Buying My First Compact Camera System - HELP!

Meg4ChristAlone

New Member
Mar 30, 2013
Illinois
Megan E.
Hi guys, first of all I wanted to say that I am new to this forum, and this is my first post, so, bear with me! Second of all, I am going to buy my first compact interchangeable-lens camera. I've never even owned a DSLR, but for my price range (I'm only 17, so my budget is tight), I'm wanting to buy a used compact camera system. The three that I am deciding between are the Olympus Pen E-PM1, Panasonic GF3, or Sony Nex 3. I need someone's opinion who owns one of these and can testify as to how much they like it / don't like it. I do know that the Nex 3 has a larger sensor (APS-C) while the other two have a micro-four thirds sensor. Would that really make a difference? Thanks for your help. I appreciate it so very much!
 

cherrywood

Veteran
Aug 15, 2011
ohio
Megan, first of, all Welcome to the forum. You will find it a very friendly place. Like your user Id, Amen sister. Do not own any of the cams listed but, I am sure someone will chime in soon.

If you can give us some more info about what you like to shoot, i.e., landscapes, people , action/sports, street shooting etc this will help with other photogs responses you may receive.

All the best
Dennis
 

Yeats

All-Pro
Jul 31, 2012
New Jersey, USA
Chris
Welcome aboard!

Each system has a it's quirks and peccadillos, but overall they are all quite good. For general purposes, you can't go wrong with any of 'em.
 

Luckypenguin

Hall of Famer
Dec 24, 2010
Brisbane, Australia
Nic
In that generation of cameras, the Sony did have a sensor with notable advantages in noise and dynamic range. With the most current generation of Sony NEX and Micro 4/3 sensors, not so much.
 

Meg4ChristAlone

New Member
Mar 30, 2013
Illinois
Megan E.
cherrywood - Thank you SO much! I am interested in shooting people as well as landscapes, maybe an animal or two here and there.
yeats - Thanks for the help! All the cameras I am looking into seem fantastic, but that is the problem... I don't know which one.
Luckypenguin - So, the NEX is not really all that better than the Micro 4/3 cameras (such as Panasonic GF3 and Olympus E-PM1)?

Thanks again, everyone!
 

bartjeej

Hall of Famer
Nov 12, 2010
bart
Welcome to SC, Megan!
Another question to consider is how important size is to you. Since you're on a tight budget, I'm guessing you're looking for a camera body + kit lens combination? (the kit lens is the "standard" lens that the camera is sold with, it's usually a not-too-expensive, versatile zoom lens). The Panasonic and Olympus kit lenses are smaller than the Sony's.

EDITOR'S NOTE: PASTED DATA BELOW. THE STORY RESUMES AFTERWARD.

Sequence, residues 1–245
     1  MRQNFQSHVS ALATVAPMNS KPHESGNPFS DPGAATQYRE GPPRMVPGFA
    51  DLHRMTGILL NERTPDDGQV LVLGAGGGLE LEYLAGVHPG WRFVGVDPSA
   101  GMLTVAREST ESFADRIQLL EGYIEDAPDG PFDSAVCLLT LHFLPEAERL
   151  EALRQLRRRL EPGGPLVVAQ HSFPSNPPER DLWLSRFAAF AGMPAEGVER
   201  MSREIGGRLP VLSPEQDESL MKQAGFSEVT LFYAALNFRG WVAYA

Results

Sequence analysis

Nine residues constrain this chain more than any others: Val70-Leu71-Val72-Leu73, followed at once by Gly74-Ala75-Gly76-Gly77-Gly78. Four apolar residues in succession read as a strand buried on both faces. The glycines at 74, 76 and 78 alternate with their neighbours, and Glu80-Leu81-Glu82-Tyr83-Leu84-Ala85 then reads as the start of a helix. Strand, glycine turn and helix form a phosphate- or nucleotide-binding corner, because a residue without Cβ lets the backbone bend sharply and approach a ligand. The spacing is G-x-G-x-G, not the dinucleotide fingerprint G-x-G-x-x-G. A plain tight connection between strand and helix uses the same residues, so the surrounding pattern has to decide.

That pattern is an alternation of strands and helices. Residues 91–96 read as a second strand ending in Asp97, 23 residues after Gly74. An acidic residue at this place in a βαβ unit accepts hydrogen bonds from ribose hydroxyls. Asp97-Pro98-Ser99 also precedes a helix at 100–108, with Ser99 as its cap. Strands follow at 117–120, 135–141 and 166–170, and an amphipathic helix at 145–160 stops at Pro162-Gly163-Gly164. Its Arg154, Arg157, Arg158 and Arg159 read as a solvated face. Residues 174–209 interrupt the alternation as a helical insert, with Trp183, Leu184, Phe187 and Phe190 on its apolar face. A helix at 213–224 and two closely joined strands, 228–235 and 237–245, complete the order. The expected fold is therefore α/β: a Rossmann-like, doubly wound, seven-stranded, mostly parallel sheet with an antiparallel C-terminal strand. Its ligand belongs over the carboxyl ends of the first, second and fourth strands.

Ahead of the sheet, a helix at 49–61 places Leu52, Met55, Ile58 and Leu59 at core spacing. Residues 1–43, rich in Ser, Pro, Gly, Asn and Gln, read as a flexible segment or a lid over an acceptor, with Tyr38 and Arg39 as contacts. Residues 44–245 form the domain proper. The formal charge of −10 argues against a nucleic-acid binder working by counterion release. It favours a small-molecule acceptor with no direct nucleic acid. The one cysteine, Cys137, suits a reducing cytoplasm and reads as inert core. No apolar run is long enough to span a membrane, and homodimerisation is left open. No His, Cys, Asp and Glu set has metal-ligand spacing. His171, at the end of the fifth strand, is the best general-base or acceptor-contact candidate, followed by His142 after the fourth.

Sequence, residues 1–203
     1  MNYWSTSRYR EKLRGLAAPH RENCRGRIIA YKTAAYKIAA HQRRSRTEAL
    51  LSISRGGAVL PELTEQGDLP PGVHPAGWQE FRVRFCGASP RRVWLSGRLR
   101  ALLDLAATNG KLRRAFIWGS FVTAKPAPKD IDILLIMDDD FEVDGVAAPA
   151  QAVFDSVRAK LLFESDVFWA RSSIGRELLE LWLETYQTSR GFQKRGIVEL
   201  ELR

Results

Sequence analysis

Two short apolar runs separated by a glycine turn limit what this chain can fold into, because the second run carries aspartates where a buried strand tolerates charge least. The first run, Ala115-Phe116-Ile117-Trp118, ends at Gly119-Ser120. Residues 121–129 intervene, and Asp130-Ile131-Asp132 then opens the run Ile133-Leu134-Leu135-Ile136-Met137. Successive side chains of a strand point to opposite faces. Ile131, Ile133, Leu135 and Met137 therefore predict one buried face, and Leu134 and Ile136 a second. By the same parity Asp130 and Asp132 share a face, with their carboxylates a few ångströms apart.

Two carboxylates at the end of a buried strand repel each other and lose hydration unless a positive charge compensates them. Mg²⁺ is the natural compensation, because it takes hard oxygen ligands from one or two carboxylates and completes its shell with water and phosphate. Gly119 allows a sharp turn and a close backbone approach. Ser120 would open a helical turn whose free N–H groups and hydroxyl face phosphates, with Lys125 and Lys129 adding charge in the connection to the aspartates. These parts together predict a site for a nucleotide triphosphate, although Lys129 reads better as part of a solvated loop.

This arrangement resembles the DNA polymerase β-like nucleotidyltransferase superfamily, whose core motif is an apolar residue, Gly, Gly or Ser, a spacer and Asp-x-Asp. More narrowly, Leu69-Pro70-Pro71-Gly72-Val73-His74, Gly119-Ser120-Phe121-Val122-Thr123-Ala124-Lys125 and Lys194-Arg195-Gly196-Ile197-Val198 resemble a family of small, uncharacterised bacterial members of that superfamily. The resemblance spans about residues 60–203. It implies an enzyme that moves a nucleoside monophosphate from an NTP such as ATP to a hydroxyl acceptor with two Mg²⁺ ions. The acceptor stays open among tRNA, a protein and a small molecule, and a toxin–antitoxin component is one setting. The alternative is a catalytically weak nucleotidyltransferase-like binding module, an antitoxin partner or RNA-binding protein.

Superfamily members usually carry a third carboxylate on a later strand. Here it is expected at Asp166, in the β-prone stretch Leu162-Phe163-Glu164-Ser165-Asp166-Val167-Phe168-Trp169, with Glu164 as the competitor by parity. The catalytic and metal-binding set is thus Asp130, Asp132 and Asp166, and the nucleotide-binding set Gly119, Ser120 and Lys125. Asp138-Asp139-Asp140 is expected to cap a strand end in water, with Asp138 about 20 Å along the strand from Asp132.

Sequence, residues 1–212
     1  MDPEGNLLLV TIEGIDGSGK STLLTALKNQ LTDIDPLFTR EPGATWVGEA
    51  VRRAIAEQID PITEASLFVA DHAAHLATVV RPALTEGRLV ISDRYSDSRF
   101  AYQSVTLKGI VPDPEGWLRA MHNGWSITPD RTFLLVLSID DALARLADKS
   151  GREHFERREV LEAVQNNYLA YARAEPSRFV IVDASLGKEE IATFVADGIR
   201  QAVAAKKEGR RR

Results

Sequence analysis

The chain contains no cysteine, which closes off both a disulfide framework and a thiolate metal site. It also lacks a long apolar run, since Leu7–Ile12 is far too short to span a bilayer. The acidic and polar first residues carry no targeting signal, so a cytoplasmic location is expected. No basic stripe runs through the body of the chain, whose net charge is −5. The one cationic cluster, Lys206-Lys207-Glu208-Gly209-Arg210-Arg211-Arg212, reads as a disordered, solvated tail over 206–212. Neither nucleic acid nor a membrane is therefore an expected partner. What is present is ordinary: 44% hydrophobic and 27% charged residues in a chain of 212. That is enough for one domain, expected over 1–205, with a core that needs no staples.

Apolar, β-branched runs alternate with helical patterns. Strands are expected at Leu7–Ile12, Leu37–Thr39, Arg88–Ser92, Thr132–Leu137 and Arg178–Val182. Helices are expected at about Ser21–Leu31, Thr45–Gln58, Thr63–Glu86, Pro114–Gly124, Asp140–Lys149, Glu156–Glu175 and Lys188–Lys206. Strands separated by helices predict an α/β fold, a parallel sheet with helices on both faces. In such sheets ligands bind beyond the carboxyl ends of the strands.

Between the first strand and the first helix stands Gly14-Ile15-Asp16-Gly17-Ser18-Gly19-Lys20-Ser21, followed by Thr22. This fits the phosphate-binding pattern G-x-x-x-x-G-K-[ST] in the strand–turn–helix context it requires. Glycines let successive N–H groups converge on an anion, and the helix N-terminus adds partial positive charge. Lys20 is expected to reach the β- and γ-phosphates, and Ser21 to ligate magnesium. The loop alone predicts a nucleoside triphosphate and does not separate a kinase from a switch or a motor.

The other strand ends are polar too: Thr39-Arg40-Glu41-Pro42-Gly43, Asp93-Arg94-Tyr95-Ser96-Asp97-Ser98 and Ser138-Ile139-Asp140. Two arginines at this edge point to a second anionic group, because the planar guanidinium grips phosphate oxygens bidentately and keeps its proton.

Oh, and another thing: the Panasonic is the only one among these 3 with a built-in flash. Lots of enthusiasts look down on built-in flash and prefer to add a more powerful and versatile flash on the hot shoe, but I always find it very useful to at least have the option of built-in flash, particularly if it's a camera you plan to bring with you often, not just on dedicated photo outings.
 

entropic remnants

Hall of Famer
Mar 3, 2013
John Griggs
Lots of thoughtful replies on here, I guess I'd add this as someone who's been doing this awhile and spent way too much money, lol.

So: are you sure you want to buy into a "system camera" right now? If you do that, and start getting lenses for it, and then find you don't want that system you've already got a lot tied up in a system.

Even though I want quality photography, I've found I can be very happy carrying around a little Panasonic DMC-LX7. It has a great lens (occasional flare issues aside), and tons of manual controls for those times you want to do something special. A number of us are shooting it on this board to great effect in a wide variety of subject matter. If you click my blog below you'll find a review of it down my blog (not the top entry) one step. Quite frankly I'm amazed at this camera. It can be had with patient shopping for less then $300 USD brand new.